Confidential Resources: “Confidential Resource” is a formal University designation given to certain University employees/departments who are exempt from any Responsible Employee obligations under this Policy. Confidential Resources do not have to report sexual misconduct to the University. Confidential Resources include mental health providers and staff, healthcare providers and staff, pastoral counselors and staff, and any other persons who have a legal obligation to protect confidentiality when acting in a professional capacity unless there is an imminent threat to health or safety, or other basis for disclosure pursuant to law. Confidential Resources designated by the University include the Sexual Assault Helpline, providers and staff at the Johns Hopkins Counseling Center, the Johns Hopkins Student Assistance Program, the Faculty and Staff Assistance Program, University Mental Health Services, student health centers operated by the University, as well as chaplains and staff at the Bunting Meyerhoff Interfaith and Community Center. Confidential Resources serve in that role at all times regardless of setting or specific activity. For a list of both JHU and off-campus Confidential Resources, see Appendix B. Confidential Resources are not Responsible Employees (defined below). All resources not specifically designated as Confidential Resources are considered non-confidential. If you have any question about whether you are a Confidential Resource or whether someone you would like to speak to is a Confidential Resource, please contact the Title IX Coordinator or Office of Institutional Equity for clarification.
· Consent means clear and voluntary agreement between participants to engage in the specific act.
· Consent requires a clear “yes,” verbal or otherwise; it cannot be inferred from the absence of a “no.”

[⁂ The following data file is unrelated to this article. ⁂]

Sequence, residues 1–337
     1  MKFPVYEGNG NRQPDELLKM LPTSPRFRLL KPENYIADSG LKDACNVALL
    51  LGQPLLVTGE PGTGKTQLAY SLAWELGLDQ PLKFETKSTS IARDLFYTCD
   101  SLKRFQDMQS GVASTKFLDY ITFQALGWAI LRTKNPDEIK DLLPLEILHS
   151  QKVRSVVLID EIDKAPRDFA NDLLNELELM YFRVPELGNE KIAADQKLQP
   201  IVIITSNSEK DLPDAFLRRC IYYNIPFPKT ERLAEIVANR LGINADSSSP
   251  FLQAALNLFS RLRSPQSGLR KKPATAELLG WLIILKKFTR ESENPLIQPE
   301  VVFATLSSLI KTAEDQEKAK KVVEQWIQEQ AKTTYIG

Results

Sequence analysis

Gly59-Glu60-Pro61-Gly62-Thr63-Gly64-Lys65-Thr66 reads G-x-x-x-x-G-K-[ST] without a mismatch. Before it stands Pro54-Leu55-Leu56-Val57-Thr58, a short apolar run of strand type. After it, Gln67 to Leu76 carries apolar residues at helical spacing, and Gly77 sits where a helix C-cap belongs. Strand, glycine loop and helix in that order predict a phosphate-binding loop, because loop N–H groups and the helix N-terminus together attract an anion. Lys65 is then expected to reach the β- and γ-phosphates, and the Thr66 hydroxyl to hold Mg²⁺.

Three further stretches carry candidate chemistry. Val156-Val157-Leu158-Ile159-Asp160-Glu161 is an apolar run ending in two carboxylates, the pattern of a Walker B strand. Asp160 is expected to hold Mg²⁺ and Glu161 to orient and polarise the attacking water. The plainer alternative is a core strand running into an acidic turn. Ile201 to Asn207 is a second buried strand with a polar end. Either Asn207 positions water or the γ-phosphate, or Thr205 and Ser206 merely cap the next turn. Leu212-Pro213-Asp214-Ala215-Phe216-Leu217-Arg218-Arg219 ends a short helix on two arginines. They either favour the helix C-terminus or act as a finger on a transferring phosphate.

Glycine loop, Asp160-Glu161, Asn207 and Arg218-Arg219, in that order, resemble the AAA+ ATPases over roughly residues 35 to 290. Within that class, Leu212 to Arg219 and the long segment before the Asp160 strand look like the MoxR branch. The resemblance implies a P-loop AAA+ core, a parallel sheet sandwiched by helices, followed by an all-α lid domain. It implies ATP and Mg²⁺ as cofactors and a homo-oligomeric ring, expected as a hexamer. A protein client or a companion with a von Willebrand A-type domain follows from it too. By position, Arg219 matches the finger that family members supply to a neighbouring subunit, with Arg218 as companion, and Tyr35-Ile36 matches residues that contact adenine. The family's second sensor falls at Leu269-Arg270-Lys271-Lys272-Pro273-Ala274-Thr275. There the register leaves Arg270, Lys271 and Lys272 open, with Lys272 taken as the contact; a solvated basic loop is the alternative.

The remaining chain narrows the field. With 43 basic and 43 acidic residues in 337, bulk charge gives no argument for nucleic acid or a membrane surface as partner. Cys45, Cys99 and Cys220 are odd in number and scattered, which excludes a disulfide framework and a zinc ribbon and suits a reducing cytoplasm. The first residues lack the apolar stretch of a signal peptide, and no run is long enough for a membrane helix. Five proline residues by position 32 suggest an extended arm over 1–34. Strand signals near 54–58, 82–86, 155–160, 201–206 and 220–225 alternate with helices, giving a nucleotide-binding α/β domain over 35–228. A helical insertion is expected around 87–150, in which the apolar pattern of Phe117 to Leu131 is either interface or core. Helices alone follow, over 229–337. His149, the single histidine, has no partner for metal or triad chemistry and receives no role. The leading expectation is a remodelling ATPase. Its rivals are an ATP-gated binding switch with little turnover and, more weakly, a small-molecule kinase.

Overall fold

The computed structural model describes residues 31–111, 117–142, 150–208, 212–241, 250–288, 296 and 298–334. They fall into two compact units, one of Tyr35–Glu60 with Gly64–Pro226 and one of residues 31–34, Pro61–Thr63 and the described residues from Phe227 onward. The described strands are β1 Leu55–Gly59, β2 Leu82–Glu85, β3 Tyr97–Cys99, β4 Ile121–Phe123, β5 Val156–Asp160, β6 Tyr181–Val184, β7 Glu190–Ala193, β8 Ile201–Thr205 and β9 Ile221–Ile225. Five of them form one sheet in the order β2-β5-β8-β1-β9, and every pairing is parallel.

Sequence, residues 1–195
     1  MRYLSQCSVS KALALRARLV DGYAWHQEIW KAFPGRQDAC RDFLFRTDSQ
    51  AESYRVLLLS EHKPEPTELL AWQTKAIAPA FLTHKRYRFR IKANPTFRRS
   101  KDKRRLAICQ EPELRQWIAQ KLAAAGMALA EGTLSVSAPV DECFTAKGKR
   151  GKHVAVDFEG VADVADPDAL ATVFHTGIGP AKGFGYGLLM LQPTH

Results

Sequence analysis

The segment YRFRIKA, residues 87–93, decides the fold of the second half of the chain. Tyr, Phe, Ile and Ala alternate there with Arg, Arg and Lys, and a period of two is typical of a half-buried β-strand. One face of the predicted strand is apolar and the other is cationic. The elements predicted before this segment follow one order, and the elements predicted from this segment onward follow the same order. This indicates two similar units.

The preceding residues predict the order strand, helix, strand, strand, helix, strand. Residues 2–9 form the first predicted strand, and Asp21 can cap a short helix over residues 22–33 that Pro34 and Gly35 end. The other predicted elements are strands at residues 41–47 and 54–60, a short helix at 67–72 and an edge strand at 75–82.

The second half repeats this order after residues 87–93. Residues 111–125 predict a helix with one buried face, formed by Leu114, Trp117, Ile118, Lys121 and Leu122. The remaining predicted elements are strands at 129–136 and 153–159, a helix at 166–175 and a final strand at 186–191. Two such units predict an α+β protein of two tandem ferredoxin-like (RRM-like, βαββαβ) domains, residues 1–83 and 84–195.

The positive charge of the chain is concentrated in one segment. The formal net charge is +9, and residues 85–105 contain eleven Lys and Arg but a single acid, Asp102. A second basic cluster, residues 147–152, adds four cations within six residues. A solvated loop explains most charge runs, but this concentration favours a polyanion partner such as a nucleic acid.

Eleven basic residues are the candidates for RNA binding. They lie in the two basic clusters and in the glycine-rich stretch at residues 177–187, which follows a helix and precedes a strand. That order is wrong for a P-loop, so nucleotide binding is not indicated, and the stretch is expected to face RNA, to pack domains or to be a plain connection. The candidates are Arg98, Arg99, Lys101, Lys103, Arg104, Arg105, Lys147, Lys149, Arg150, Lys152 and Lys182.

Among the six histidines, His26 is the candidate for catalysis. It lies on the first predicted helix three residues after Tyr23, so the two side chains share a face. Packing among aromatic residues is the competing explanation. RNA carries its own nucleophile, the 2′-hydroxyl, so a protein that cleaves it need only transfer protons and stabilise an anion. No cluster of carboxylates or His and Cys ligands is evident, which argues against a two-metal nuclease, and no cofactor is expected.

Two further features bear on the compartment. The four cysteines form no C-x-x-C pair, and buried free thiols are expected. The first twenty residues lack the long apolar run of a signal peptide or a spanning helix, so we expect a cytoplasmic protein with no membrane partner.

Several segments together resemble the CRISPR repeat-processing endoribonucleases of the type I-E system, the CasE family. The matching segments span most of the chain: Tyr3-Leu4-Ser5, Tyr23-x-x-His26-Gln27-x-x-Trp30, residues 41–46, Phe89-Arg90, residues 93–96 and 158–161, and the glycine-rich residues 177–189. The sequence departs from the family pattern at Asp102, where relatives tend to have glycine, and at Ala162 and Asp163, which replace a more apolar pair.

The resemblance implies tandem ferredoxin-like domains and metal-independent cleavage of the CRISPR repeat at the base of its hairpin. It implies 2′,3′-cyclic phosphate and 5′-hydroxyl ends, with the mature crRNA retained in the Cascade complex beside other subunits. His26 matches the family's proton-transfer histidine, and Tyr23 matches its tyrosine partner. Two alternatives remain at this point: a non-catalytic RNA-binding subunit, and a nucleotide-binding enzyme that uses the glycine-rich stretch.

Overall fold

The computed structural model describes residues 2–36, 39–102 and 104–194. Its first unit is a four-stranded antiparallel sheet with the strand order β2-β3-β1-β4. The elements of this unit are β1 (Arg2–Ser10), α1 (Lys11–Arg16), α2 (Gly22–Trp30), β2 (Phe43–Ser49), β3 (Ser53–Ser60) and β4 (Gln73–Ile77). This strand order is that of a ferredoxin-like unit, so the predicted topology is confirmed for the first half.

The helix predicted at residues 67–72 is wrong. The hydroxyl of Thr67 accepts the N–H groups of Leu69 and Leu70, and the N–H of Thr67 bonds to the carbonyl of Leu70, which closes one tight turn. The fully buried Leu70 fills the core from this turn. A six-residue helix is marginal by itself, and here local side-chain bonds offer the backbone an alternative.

· Consent cannot be obtained from someone who is unconscious, asleep, physically helpless, or incapacitated (including, but not limited to, mentally incapacitated). A person is incapacitated when they are unable to make a rational decision because the person lacks the ability to understand their decision. A person who is incapacitated is unable to consent to sexual activity. A person can become incapacitated as a result of physical or mental disability, involuntary physical constraint, being asleep or unconscious, or consumption of alcohol or other drugs. A person can consume alcohol and/or drugs without becoming incapacitated. A person who engages in sexual activity with someone that person knows or reasonably should know is incapacitated does not have consent and will be found responsible for a Policy violation.
· Consent cannot be obtained by pressure, threats, coercion or force of any kind, whether mental or physical. Consent means actually agreeing to the specific sexual activity, rather than merely submitting as a result of pressure, threats, coercion or force of any kind, whether mental or physical.
· Consent cannot be obtained from an individual who is under the legal age of consent.
· Consent must be ongoing throughout a sexual encounter and can be revoked at any time.
· Consent to some sexual acts does not necessarily imply consent to others.
· Past consent does not mean ongoing or future consent.
· Consent to engage in sexual activity with one person does not imply consent to engage in sexual activity with another.
Dating Violence: The term “dating violence” means violence committed by a person who is or has been in a social relationship of a romantic or intimate nature with the victim. The existence of such a relationship shall be determined based on the reporting party’s statement and with consideration of: the length of the relationship; the type of relationship; and the frequency of interaction between the persons involved in the relationship. Dating violence includes, but is not limited to, sexual or physical abuse or the threat of such abuse, but excludes acts covered under domestic violence.
Domestic Violence: The term “domestic violence” means violence committed by a current or former spouse or intimate partner of the victim, by a person with whom the victim shares a child in common, by a person who is cohabitating with or has cohabitated with the victim as a spouse or intimate partner, by a person similarly situated to a spouse of the victim under the domestic or family violence laws of the jurisdiction in which the crime of violence occurred, or by any other person against an adult or youth victim who is protected from the person’s acts under the domestic or family violence laws of the jurisdiction in which the crime of violence occurred. Domestic violence includes, but is not limited to, sexual or physical abuse or the threat of such abuse.